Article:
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Berlanti, Greg (b. 1972)  
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Berlanti's career frustrations abruptly changed in 1998. He had recently finished a draft of the script that would eventually become The Broken Hearts Club. He showed the script to an old college friend, who, coincidentally, happened to know the writer-producer Kevin Williamson, and, unbeknownst to Berlanti, shared the script with him.

At the time, Williamson was at the height of his career, following the tremendous success of the savvy and smartly self-referential horror movie Scream (1995), which Williamson wrote, and its equally successful sequel, Scream 2 (1997). Williamson also wrote the script for the thriller I Know What You Did Last Summer (1997), another commercial success.

In early 1998, Dawson's Creek, television series created by Williamson, premiered. Williamson was serving as executive producer on the show, which chronicled the complicated love lives of a group of teenagers in a small coastal town in North Carolina. It became an immediate critical and popular hit.

After reading his Broken Hearts Club script, Williamson offered Berlanti a job as one of the staff writers on Dawson's Creek. Berlanti flourished in the job and was later promoted to co-executive producer when Williamson left to pursue other career opportunities at the end of the show's second season.

In both his roles as writer and producer, Berlanti was instrumental in expanding the character of Jack McPhee (played by Kerr Smith), a teenager coming to terms with his homosexuality in a small town. Williamson had introduced McPhee in the show's first season, but Berlanti made him central to the series.

"I wanted to really chronicle what it's like to be a gay kid in high school," Berlanti explained in an interview, "and give him a boyfriend and let him have his first kiss."

It took over a year for Berlanti and Williamson to convince network executives to allow Jack to kiss his boyfriend Ethan (Adam Kaufman) on the show. The landmark event was finally allowed, during the show's third season, in an episode titled "True Love" (first aired May 24, 2000). It was, remarkably, the first romantic kiss between two gay male characters ever aired on network television in the United States.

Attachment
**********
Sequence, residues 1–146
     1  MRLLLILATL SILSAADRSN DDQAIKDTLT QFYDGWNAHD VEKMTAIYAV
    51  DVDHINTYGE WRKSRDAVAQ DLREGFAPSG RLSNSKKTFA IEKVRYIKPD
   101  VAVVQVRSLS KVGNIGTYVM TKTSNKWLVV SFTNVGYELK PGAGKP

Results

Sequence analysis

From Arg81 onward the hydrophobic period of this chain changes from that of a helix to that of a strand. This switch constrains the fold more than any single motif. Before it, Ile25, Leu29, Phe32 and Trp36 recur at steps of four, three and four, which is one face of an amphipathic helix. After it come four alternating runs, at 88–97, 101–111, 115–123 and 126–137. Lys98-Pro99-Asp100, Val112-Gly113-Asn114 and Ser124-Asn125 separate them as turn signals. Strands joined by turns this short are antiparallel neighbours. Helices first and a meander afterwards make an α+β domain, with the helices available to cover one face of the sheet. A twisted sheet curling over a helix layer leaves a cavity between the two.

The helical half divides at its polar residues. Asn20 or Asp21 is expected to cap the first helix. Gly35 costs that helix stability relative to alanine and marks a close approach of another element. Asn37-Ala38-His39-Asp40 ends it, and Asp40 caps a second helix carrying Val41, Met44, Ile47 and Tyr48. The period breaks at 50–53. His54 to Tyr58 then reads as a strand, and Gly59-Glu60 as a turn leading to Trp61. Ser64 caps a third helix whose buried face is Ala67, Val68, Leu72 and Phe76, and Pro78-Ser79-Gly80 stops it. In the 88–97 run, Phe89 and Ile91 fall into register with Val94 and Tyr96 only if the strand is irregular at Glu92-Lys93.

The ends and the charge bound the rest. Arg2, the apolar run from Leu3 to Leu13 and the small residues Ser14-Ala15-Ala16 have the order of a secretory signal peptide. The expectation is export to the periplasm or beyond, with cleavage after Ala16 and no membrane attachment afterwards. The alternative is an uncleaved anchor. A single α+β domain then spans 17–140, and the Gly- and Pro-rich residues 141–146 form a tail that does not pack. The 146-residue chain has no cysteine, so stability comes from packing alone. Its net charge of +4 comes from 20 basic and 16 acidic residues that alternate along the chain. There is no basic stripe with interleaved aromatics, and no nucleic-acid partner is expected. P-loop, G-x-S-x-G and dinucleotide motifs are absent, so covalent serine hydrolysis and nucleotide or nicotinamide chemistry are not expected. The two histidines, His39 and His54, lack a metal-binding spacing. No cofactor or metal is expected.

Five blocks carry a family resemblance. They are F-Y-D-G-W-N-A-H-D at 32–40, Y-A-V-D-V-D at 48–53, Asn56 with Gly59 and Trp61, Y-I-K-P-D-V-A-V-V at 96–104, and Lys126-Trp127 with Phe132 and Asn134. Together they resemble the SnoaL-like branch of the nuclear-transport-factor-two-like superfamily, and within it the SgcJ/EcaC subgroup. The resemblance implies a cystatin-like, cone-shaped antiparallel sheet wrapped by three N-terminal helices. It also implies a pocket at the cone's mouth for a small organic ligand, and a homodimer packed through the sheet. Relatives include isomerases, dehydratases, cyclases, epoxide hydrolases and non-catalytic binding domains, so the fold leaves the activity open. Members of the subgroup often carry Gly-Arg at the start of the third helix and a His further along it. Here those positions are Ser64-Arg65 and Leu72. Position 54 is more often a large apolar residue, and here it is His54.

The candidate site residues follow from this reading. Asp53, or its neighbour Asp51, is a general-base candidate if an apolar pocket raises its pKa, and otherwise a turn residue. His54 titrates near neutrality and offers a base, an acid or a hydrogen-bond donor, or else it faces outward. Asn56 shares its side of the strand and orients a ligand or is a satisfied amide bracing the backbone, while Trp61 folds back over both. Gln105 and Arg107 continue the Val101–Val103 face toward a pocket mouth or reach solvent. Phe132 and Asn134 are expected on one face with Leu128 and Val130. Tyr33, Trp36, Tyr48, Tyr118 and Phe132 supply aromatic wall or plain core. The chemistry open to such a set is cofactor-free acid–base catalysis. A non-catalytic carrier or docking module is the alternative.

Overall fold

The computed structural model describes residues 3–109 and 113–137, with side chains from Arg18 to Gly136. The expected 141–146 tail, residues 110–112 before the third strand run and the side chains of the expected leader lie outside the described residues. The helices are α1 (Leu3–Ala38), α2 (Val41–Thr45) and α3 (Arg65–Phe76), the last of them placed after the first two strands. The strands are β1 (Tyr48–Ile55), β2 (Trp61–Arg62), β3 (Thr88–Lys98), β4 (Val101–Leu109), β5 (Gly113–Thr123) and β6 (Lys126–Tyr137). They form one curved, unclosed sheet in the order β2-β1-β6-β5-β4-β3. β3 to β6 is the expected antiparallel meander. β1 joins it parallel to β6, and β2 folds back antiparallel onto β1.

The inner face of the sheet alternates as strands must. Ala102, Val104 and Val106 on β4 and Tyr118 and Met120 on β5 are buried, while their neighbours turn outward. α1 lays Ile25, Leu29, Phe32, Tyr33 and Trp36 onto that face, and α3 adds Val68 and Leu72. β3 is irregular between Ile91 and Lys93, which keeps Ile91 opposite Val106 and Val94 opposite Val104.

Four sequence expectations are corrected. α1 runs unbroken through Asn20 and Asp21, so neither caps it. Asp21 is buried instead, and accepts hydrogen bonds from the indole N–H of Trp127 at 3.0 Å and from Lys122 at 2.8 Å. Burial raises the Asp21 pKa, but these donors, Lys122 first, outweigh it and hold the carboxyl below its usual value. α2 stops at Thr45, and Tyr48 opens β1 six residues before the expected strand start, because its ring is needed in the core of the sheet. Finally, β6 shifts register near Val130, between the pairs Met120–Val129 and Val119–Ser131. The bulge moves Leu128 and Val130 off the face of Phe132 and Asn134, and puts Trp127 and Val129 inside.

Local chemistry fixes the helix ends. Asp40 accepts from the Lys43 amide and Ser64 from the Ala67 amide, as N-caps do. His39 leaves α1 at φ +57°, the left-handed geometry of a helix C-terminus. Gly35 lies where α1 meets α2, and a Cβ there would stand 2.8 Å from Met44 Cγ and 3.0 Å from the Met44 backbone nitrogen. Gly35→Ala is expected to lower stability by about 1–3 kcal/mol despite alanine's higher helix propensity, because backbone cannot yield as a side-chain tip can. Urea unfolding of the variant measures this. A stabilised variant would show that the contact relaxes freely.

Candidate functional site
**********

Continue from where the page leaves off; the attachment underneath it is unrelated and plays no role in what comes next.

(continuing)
In 1999, Berlanti took a short break from his duties on Dawson's Creek to direct The Broken Hearts Club: A Romantic Comedy, based on his own script. The film centers on Dennis (Timothy Olyphant), a young gay man who yearns for the stability of a committed romantic relationship, and his group of friends who live in and around the predominantly gay Los Angles enclave of West Hollywood (the cast also includes Zach Braff, Dean Cain, Justin Theroux, Andrew Keegan, and John Mahoney, among others).

Dave Kehr, in his review for the New York Times, noted Berlanti's experience on Dawson's Creek, and observed that the film "reflects a benign television personality," and "plays almost like a pilot for a potential series," with its cast of "immediately identifiable and likable characters," its way of "weaving in and out of several different subplots," and "its cozy sense of family and belonging."

The Broken Hearts Club was first shown at the 2000 Sundance Film Festival. It went on to win the 2001 GLAAD (Gay & Lesbian Alliance Against Defamation) Media Award for Outstanding Film.

After completing the film, Berlanti returned to Dawson's Creek and remained as co-executive producer on the show until 2001, when he left to create and produce the television drama Everwood.

Everwood concerns a recently-widowed Manhattan neurosurgeon who moves, with his two young children, to the fictional small town of Everwood, Colorado. It aired on the WB Network (the same network that aired Dawson's Creek) from 2002 to 2006, but was not renewed for future production when the WB and UPN networks merged to form the CW Television Network in 2006.

Berlanti next co-created, with the novelist and comic book writer Brad Meltzer and the television director Thomas Schlamme, the television drama Jack & Bobby, which ran for only 22 episodes, from September 2004 until May 2005.

The show focuses on two brothers, Jack and Bobby McCallister, one of whom grows up to be the President of the United States. Present-day scenes featuring the two teenage brothers are interspersed with mid-twenty-first century commentators who reflect, documentary-style, on Jack and Bobby's lives and careers.

The show tackled such glbtq issues as gay-teen suicide and won a GLAAD Media Award in 2004 for Outstanding Individual Episode--Series Without a Regular Gay Character, for the episode titled "Lost Boys," which featured the brothers' openly gay uncle Jimmy (Tom Cavanagh).

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